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Creating “Wedding Ale” Step 1: Building A Wort Chiller

January 27, 2011

I spoke with my mom on the phone today, so I wanted to give her a quick shout-out for all the help she has provided with the wedding planning.  She’s currently hard at work checking out potential rehearsal venue locations and caterers for us.

In conversation about one of the possible venue-caterer combinations, she mentioned the options for providing alcohol and the associated costs.  Then, she suggested (I swear it was her idea) that I make some homebrew to serve at the rehearsal dinner.  Obviously, I thought this was an excellent idea.

So, I decided I better get cracking!  I have been preparing to make the jump from extract brewing to all-grain brewing, which basically means that instead of using a syrup of malt that has already been extracted from grain and preserved in a can, I will instead extract the malt sugars from the grain myself as a part of my brewing process.  With this little extra incentive, I think I’m ready to make that jump.

Building a Wort Chiller

DIY immersion wort chillerTo brew an all-grain batch, I would need to boil over 5 gallons of beer at a time, then cool it down to ferment.  However, when you brew a full 5 gallons, it can take quite a while to cool back to room temperature when relying solely on putting the kettle in an ice bath in the kitchen sink.

I needed a wort chiller…but I didn’t want to drop the $70-$100 for a decent immersion chiller.  So, I did some research and headed to Home Depot for a little DIY project!

I picked up a 50-foot copper coil with a 5/8″ outer diameter.  Unfortunately, copper prices are on the rise, so this was still quite expensive (you could do 25 feet of 3/8″ and save some money).  I then grabbed about 8-10 feet of plastic tubing (5/8″ inner diameter, to fit around the copper).  To top it off, I picked up a couple of adapters so that I could hook it up to either a garden hose or the kitchen sink.  Then a few wire clamps to hold it all together.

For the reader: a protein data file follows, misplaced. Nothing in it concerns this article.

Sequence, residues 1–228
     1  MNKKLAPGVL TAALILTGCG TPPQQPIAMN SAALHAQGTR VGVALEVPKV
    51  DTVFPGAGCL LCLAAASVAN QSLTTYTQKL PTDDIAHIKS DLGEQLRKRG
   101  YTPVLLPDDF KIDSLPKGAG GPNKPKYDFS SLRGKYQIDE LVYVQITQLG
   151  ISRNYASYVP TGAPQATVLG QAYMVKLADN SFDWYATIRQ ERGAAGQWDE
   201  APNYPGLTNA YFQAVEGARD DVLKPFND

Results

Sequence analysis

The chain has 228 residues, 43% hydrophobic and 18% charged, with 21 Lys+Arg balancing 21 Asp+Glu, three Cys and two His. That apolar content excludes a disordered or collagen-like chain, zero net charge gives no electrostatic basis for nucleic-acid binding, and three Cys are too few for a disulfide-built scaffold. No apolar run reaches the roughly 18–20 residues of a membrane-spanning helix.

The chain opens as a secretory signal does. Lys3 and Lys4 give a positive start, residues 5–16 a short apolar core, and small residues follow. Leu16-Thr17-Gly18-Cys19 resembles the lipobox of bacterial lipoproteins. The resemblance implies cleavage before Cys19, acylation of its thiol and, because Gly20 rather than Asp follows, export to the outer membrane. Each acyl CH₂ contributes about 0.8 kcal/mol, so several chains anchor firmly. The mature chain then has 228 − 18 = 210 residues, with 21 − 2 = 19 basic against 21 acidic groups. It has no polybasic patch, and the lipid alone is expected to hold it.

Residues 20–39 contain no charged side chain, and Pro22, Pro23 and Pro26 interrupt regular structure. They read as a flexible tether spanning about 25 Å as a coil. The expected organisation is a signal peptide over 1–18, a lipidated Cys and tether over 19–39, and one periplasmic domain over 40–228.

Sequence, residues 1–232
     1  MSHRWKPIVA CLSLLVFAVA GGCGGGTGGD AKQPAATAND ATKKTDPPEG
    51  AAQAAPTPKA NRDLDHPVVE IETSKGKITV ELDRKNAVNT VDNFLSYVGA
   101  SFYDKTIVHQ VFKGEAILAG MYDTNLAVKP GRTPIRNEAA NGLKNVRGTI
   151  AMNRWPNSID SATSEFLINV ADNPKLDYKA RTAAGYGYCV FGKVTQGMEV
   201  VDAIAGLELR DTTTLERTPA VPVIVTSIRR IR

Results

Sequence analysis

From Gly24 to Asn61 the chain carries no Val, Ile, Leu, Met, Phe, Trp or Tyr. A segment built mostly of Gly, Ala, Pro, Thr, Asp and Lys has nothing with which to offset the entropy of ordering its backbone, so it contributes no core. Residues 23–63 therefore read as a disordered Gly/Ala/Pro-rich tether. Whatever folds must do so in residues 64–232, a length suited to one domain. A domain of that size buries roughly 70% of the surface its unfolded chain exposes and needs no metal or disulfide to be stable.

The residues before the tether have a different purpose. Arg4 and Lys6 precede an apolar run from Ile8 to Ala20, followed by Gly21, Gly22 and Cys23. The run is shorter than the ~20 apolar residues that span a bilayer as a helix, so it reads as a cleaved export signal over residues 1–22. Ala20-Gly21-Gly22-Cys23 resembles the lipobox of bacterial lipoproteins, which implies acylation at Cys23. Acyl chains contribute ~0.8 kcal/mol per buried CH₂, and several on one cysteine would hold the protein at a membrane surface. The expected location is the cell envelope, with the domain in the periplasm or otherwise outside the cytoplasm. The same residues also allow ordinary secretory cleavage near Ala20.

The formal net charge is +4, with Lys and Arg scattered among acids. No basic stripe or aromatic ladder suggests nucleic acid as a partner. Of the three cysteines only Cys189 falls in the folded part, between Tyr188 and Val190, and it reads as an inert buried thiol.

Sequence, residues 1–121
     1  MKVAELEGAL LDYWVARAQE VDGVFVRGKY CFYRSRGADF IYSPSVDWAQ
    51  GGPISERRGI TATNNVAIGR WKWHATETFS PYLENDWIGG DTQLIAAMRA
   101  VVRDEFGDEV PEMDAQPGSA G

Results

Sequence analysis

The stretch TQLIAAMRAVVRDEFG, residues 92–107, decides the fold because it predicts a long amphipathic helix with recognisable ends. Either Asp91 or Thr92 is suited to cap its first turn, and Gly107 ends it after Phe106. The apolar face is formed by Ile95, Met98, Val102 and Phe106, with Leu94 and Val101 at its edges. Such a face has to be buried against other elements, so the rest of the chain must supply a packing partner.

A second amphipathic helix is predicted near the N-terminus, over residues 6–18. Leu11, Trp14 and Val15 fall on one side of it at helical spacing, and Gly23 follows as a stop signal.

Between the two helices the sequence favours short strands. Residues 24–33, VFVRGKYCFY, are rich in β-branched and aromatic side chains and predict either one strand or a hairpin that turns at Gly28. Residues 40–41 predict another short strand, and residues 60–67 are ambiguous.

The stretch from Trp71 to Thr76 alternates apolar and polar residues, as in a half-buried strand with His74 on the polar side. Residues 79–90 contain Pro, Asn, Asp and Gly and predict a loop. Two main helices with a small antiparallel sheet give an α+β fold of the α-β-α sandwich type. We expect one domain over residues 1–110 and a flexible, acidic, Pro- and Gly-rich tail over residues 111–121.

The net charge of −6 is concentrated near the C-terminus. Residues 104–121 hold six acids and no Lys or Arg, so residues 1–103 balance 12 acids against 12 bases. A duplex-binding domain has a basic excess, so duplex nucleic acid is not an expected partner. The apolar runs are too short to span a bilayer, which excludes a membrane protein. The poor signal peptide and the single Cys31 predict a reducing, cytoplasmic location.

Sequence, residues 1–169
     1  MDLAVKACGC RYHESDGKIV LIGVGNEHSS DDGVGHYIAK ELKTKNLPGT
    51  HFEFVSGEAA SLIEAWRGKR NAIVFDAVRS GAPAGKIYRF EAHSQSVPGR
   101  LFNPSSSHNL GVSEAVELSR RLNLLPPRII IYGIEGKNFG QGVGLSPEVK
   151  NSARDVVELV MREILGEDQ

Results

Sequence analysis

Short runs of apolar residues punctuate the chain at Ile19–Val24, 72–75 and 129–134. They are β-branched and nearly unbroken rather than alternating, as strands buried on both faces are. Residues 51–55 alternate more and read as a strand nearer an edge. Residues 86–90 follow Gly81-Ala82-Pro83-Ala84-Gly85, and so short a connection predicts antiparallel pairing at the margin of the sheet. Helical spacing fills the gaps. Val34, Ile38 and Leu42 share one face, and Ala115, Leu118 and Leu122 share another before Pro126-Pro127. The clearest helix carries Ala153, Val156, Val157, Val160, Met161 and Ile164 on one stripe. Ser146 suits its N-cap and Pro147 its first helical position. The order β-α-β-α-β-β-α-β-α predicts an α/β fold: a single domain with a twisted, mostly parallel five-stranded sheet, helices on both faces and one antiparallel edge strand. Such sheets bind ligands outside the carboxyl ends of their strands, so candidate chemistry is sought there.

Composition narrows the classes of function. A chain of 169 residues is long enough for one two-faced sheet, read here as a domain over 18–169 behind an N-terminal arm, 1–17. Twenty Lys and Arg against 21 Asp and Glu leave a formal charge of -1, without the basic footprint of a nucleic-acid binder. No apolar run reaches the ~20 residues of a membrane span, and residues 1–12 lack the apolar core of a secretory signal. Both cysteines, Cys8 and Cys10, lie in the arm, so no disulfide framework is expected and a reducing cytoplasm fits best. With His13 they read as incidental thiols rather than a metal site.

hose and sink adapter






Altogether, it cost me about $70.  This is about the minimum price you would pay at the store.  However, the store-bought one would probably only come with about 20-30 feet of 3/8″ copper for that price.  With the investment on 50 feet of  thicker copper, it will give me more surface area to cool with, and therefore a quicker cooling time.  Plus, it’s WAY more badass to have a wort chiller that you BUILT!

wort chiller and 5-gal kegTo build it, all you need is something to wrap the copper around to form a cylinder shape.  I used a 5-gallon keg, but any bucket would do the job, as long as it is narrower than the inside of your brew pot.

Once you have formed the coil, just pull both ends up to the top, being careful not to kink the wire.  Then connect the plastic tubing to each end using the wire clamps, and add the hose adapter to one end.  Presto – a new immersion wort chiller, hand-made in 15 minutes for only $70!

Now that I can cool my brew quickly, I’m almost ready to brew an all-grain batch.  Next, I’ll just need a mash tun to mash the grain (which I will also construct myself), and a bigger kettle!  Then it is time to brew some Wedding Ale!

Again, if you have any favorite styles or favorite brands, post it in the comments.  I will definitely take that into account when styling the Wedding Ale.

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